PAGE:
25 Jul Airo AV Announces: Focus on local SEO or you’ll miss opportunities for your de…
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When you read about search engine optimization (SEO), much of the information is geared toward websites such as blogs or national retailers. While much of that general advice applies to your dental practice, there is an important distinction. You aren’t targeting the entire internet, and most likely you aren’t selling anything online. The goal of dental marketing is to acquire leads, specifically ones in your vicinity. That is why you need local SEO.
Local versus organic search
To understand how Google treats different types of queries, search for “signs of tooth decay.” You should see results such as informational websites, blogs, and magazines, many of which are targeted to national or international audiences. In fact, you probably won’t see a local dentist in the top results. Optimizing for this type of search is general organic SEO.
Now try searching for “tooth decay treatment near me.” Google recognizes that this term has local intent. The top results are places, specifically dental offices near your location. You will see three places featured (known as the three-pack), along with a map and link to additional places. Optimizing for this type of search is local SEO.
Why local search optimization is different
Organic SEO is about optimizing a website, which is identified by its URL. Generally speaking, something must be on the website or should include a link to the website in order to be impactful. By contrast, local SEO is about optimizing a business, primarily identified by its NAP (name, address, and phone number). A mention of your dental practice, known as a citation, can be important even if it doesn’t include a website link.
As you probably know, Google usually finds information by “crawling” the web, exploring every link the bots encounter. How then, does it find information without links? The answer is data aggregators, which pull information from phone directories, utilities, business listings, and other sources. Therefore, an abundance of accurate citations (mentions of your practice) will help build a strong presence on local search. But beware; inaccuracies and inconsistencies can perpetuate and spread, possibly harming your SEO standing.
Local SEO best practices
Much of the marketing advice that you will find online is directed at retailers and other national businesses, focusing on general SEO. In practice, how does local search optimization differ?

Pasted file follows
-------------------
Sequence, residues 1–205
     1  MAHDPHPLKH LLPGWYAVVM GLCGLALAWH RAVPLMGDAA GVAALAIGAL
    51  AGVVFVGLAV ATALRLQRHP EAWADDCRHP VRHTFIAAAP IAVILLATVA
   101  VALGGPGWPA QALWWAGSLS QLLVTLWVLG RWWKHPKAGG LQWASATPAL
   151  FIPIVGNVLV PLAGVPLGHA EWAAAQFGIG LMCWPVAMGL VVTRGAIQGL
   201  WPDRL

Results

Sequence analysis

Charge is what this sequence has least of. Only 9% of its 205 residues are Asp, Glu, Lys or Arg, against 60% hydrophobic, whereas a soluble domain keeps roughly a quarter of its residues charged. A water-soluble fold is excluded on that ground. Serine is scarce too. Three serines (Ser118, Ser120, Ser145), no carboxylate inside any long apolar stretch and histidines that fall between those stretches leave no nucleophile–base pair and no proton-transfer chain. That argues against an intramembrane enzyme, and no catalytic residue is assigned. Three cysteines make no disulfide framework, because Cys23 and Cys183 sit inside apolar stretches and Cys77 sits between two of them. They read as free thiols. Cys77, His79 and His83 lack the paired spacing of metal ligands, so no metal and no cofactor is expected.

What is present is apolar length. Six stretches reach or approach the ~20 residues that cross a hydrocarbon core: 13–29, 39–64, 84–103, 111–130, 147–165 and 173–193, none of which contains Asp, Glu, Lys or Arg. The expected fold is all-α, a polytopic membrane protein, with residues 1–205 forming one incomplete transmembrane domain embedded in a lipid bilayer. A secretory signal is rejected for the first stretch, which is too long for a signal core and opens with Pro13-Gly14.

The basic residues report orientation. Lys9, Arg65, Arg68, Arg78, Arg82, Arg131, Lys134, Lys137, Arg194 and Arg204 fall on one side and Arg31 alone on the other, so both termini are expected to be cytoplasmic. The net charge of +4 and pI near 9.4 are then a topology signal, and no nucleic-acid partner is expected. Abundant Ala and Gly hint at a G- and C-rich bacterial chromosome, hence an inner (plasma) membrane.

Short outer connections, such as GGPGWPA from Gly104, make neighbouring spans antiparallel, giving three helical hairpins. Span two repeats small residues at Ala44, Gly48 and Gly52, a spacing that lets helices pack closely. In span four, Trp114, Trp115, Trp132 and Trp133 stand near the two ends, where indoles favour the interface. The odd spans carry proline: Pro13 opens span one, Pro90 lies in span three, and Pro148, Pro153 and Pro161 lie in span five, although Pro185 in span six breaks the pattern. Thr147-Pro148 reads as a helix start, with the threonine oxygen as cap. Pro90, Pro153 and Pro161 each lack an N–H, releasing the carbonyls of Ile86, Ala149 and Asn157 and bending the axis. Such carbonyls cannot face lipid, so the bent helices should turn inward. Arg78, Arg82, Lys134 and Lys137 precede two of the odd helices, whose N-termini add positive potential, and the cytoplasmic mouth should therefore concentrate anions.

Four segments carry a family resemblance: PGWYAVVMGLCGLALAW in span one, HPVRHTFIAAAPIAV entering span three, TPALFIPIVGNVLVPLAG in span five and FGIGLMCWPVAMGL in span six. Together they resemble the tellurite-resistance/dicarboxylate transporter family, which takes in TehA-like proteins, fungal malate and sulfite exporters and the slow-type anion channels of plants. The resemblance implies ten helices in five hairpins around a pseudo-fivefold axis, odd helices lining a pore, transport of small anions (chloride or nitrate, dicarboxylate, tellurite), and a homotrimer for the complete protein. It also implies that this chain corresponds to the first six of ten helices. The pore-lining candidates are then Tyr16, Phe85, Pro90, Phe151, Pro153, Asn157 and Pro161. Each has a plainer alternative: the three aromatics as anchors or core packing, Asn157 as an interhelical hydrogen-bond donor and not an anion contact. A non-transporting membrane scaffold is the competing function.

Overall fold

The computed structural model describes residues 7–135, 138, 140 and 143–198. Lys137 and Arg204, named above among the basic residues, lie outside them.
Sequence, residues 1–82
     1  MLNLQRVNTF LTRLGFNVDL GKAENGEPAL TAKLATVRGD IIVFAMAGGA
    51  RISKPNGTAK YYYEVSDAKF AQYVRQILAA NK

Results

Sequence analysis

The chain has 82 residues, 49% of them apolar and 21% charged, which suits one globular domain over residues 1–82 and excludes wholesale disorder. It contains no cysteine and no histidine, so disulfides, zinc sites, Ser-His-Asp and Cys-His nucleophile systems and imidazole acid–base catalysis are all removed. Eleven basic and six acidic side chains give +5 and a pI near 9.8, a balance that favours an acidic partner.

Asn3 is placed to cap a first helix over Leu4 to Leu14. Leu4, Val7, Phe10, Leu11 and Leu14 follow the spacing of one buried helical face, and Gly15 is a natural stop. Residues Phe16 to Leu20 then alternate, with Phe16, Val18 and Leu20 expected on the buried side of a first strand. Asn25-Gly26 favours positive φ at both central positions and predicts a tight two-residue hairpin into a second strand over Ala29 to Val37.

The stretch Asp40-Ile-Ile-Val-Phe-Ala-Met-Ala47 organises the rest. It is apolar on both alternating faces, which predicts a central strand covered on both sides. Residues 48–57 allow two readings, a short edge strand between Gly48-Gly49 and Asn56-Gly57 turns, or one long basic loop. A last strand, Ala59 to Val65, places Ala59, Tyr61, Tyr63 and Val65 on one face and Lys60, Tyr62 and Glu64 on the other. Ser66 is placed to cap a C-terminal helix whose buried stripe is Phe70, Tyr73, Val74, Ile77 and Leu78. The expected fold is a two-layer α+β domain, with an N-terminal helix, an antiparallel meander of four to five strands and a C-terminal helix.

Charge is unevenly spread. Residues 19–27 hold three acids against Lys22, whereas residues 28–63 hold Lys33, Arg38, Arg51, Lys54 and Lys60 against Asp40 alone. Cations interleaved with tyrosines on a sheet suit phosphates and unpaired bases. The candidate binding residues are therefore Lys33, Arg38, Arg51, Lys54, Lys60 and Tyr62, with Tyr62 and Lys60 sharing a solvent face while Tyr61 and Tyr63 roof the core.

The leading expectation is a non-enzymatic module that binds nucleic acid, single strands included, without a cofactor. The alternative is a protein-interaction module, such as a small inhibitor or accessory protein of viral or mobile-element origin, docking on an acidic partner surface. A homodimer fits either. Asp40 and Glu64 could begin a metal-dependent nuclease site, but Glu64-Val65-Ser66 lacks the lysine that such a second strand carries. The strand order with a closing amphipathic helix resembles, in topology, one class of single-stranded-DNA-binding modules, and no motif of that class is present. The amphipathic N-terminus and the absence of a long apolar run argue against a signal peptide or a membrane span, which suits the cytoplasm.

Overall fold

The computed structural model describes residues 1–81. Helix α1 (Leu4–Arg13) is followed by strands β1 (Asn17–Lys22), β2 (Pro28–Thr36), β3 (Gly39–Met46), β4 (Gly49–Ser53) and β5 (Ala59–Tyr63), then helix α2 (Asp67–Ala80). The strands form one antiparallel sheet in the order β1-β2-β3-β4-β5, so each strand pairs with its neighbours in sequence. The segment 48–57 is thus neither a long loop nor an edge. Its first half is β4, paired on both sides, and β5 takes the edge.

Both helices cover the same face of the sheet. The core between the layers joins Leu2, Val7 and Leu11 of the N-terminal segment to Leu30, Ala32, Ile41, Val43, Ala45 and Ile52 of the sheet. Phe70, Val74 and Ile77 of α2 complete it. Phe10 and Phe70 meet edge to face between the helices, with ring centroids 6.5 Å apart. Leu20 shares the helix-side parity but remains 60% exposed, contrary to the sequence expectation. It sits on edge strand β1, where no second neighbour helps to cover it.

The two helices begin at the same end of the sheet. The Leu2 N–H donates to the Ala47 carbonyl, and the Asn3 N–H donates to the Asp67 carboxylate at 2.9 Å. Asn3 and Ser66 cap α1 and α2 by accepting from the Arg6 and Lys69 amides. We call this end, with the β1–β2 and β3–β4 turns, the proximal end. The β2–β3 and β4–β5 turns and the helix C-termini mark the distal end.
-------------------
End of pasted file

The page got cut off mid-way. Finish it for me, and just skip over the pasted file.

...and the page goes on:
- Google My Business—There are many platforms for local business listings, but this is by far the most important. Be sure to claim your profile, add details where possible, and remove any duplicate listings.
- On-site optimization—Typical SEO factors such as page speed, meta tags, content quality, and keyword usage are still important. Additionally, you need to optimize your location information. This includes having a contact page, a prominent (and ideally clickable) phone number, and adding NAP details in the sitewide footer.
- NAP consistency—Even a minor change in a page URL can break links. Similarly, inconsistencies in your practice details can “break” citations. Avoid variations (i.e., “Your Smile Center” in one place and “Smile Center” in another), and if the details about your practice change, update them everywhere.
- Citations—Where does Google find these online references to dental practices? Sources range from business directories and customer review platforms to local newspapers. Even a mention from a local blogger can help. If you have an opportunity to get your practice out there (with accurate NAP), take it. If you find a reputable directory with an option to add or update your business information, use it. Alternately, you can use a third-party local data aggregator (LDA) to help acquire and maintain citations.
- Reviews—Statistics show that people trust businesses with positive reviews, and that translates into increased revenue. If that isn’t reason enough to work on building your online reviews, you should know that they are also a ranking factor in local search.
- City landing pages—How far do patients travel to visit your practice? Most likely, your target market encompasses nearby cities and zip codes. Include pages on your website targeting those locations but be mindful of Google’s quality standards. Don’t use false location information, keyword stuff the pages, or add thin and low-quality content.
What local and organic SEO have in common
As brick and mortar businesses, should dental practices focus exclusively on local search and forget about standard SEO? No. In fact, most principles of site optimization apply, no matter what your industry or goal is. These include:
- Efficient site navigation
- Content and meta tags optimized for targeted keywords
- A diverse portfolio of quality backlinks
- Excellent user experience (UX)
- Website free of glitches and technical errors
- Fast loading, mobile friendly site
- No keyword stuffing, duplicate or low-quality content, or spammy links
Standard organic SEO can easily bring internet traffic from around the world. Yet, only people near your practice represent meaningful leads. If you aren’t focusing on local search, you are missing opportunities.
Naren Arulrajah, president and CEO of Ekwa Marketing, has been a leader in medical marketing for over a decade. Ekwa provides comprehensive marketing solutions for busy dentists, with a team of more than 180 full-time professionals, providing web design, hosting, content creation, social media, reputation management, SEO, and more. If you’re looking for ways to boost your marketing results, call (855) 598-3320 for a free strategy session with Arulrajah.